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The same thing happened on my 2007, it was a work in progress since I bought the bike with 30 hours on it. It got a lot worse than that up to the bikes demise at 150 hours. I didn't like it at all. When I bought my 2010, I didn't want the same thing happening. After one ride on the stock chain and seeing some scrapes, I made an aluminum guard that bolts to the chain roller inside the frame. It has complete swingarm clearance, and it works awesome. I can see the nicks in the guard, but my frame is no worse than what the stocker did on the first ride.

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The same thing happened on my 2007, it was a work in progress since I bought the bike with 30 hours on it. It got a lot worse than that up to the bikes demise at 150 hours. I didn't like it at all. When I bought my 2010, I didn't want the same thing happening. After one ride on the stock chain and seeing some scrapes, I made an aluminum guard that bolts to the chain roller inside the frame. It has complete swingarm clearance, and it works awesome. I can see the nicks in the guard, but my frame is no worse than what the stocker did on the first ride.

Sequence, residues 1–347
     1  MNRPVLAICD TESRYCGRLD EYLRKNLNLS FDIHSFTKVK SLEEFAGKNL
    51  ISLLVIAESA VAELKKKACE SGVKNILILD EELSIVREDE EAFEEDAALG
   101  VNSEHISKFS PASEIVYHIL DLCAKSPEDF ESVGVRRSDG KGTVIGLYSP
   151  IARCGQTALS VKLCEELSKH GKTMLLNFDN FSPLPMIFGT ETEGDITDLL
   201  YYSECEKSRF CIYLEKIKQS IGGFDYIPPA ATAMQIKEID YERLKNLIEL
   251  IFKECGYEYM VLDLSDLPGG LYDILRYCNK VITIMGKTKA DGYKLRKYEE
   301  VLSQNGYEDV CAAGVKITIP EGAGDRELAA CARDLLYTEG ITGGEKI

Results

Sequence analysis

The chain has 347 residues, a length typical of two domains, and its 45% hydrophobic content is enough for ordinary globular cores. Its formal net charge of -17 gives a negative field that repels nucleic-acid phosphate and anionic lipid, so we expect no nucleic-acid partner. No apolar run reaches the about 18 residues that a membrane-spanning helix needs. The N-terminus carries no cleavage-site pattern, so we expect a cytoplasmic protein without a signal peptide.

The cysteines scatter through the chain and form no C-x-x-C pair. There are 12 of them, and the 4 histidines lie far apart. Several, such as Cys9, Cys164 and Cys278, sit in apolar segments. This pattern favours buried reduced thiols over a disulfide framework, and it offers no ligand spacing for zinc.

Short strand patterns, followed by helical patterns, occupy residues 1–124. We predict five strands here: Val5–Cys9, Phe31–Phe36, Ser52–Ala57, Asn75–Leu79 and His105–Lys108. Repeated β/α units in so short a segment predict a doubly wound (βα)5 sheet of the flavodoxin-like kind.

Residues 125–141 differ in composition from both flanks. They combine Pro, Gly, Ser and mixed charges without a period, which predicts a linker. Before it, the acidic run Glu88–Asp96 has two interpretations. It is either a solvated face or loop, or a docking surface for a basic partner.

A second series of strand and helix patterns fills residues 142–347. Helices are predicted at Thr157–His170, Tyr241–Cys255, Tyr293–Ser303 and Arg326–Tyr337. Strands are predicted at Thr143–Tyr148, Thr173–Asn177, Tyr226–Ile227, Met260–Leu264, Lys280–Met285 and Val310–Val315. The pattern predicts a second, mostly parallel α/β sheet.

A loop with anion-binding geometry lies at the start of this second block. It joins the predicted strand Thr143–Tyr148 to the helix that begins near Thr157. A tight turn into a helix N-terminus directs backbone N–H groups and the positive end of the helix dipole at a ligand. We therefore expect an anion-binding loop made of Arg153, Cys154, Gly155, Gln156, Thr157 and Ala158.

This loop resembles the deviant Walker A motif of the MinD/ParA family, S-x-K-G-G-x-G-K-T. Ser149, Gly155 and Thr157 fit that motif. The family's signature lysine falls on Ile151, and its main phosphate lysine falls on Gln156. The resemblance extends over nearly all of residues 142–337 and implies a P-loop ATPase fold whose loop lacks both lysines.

What was the bikes demise? Frame or motor? Also, can you describe your aluminum gaurd a little better? I would be interested in making one of these. Thanks.

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I bought mine the same way. Must be a pretty common. I haven't noticed any more wear now that I have it; but I may try making a cover like the guy above.^^^

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i always adjust the chain i have found 2 fingers slack just right a slack of 2 inches might do that but anyways its always repairable

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i always adjust the chain i have found 2 fingers slack just right a slack of 2 inches might do that but anyways its always repairable
Brilliant.

I have fairly large hands, and at the first knuckle, my index and middle fingers together measure 1.57" Yours may be two, I don't know.

But if you think it doesn't matter, try this:

  • Adjust the chain to 1.5" above the slider bolt
  • Remove the pivot bolt for the shock relay arm from the swing arm
  • Try to swing the rear wheel through its full travel.

The chain will be too short to allow it to do so without bending something.

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After reading this thread I had a look at my subframe and I have only a very slight amount of chain marks, and nothing like in the pic above. I wonder if when you run a cheap, and stretched roller chain and cornering hard LH, causes the chain to droop and contact the subframe ? I've always run a premium o-ring chain and possibly you don't get as much "droop" when the bike is layed over hard to the left ? Just some thoughts....

Chain contacting the subframe is also a big issue on my KX500, here's how we solve the issue before sawing through a $300 KX500 subframe. You might be able to perform a similar mod to the YZ's inner subframe :

http://www.kxriders.com/forums/index.php/topic,2492.0.html